U.S. Border's Canadian Health Records Access Of 'Great Concern' To Privacy Watchdog

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Ontario's privacy watchdog has called reports of U.S. border officials turning away Canadians over information disclosed in private heath files is "of great concern." (Alamy) | Alamy

TORONTO - Ontario's privacy watchdog is probing reports that private health information is being shared with U.S. border services, saying it's a matter "of grave concern" to her.

Her office "will investigate the matter and ensure that the personal health information of Ontarians is not being compromised by any organizations under my jurisdiction," Information and Privacy Commissioner Ann Cavoukian said in an email to Ontario's New Democrats, who requested her help.

Cavoukian added that she's already contacted the Health Ministry to confirm that no personal health details are being provided to U.S. border services.

NDP provincial health critic France Gelinas said she's been contacted by three people who have been denied entry to the U.S. based on their personal health history.

One woman she spoke to, Ellen Richardson, has gone public with her story, saying she was turned away Monday at Toronto's Pearson airport by a U.S. customs agent because she was hospitalized in June 2012 for clinical depression.

Richardson attempted suicide in 2001 by jumping off a bridge, which left her a paraplegic. But her mental health has improved with medication and professional help from a psychiatrist, she said.

She said she travelled through the United States several times in recent years and never had a problem.

This time, the agent cited the U.S. Immigration and Nationality Act, which denies entry to people who have had a physical or mental disorder that may pose a "threat to the property, safety or welfare" of themselves or others, she said.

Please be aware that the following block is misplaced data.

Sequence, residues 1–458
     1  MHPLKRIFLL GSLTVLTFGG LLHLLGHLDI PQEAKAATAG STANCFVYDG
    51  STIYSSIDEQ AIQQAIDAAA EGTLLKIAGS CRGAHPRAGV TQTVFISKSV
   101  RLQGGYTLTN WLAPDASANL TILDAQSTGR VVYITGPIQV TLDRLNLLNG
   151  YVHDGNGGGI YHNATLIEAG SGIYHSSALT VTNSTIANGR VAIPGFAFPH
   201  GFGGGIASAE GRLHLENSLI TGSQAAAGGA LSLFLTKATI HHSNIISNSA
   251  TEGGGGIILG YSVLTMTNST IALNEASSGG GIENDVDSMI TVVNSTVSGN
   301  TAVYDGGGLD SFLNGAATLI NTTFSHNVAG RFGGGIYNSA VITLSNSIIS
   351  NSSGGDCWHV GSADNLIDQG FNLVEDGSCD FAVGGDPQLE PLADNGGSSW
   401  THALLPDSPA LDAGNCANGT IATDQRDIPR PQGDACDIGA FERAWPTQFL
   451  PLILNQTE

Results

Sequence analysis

"It's ridiculous. It's utterly ridiculous," she said.

"I was never a threat to others. I would never harm anyone."

Richardson, who takes medication to combat depression, said she provided the U.S. agent with the name and phone number of her psychiatrist, but it wasn't enough.

She was told she would have to get "medical clearance" and be examined by one of only three doctors in Toronto whose assessments are accepted by Homeland Security, she said.

Richardson, who has a website and wrote a book about her struggle with depression, said she has no recollection of police being involved in her 2012 hospitalization.

She said she had become suicidal, wrote a suicide note and called her mother, who came over and called 911.

"I wasn't a threat to anyone, other than myself," Richardson said.

Gelinas said another person she spoke to told her that they had been turned away at the border over a physical ailment that had nothing to do with mental health.

She wouldn't provide any details to protect the person's privacy, but Gelinas said she was told that the U.S. agent in that case also mentioned a fairly recent, specific medical episode that happened in an Ontario hospital.

Gelinas said at first she tried to find some explanation for why U.S. authorities might have the information, such as police records. She asked many questions, but nothing seemed to explain how the Department of Homeland Security got the information.

"The amount of their personal information that is spit back at them is astonishing," she said.

"I have no idea how this could happen, but it did. I believe those people. They have given me physical, tangible proof that this happened."

A person's medical history must remain confidential, she said. To hear that specific details of a person's medical history is being shared with a foreign government is "extremely alarming."

Health Minister Deb Matthews owes Ontarians an explanation, Gelinas added.

U.S. authorities don't have access to medical or other health records for Ontarians travelling to the United States, said Samantha Grant, a spokeswoman for Matthews.

Government officials referred all other questions to police services, saying it was an operational matter.

Federal law allows personal information to be transferred outside Canada, even without the consent of the individual to whom the information relates. Once the information is in foreign hands, the laws of that country will apply.

Canada's privacy commissioner has called for the federal government to re-examine the circumstances under which it allows personal information about Canadians to be processed outside Canada.

Mike Sullivan, the New Democrat MP who represents the Toronto riding where Richardson lives, says he has sent a letter to the federal privacy commissioner's office asking for an investigation into the matter.

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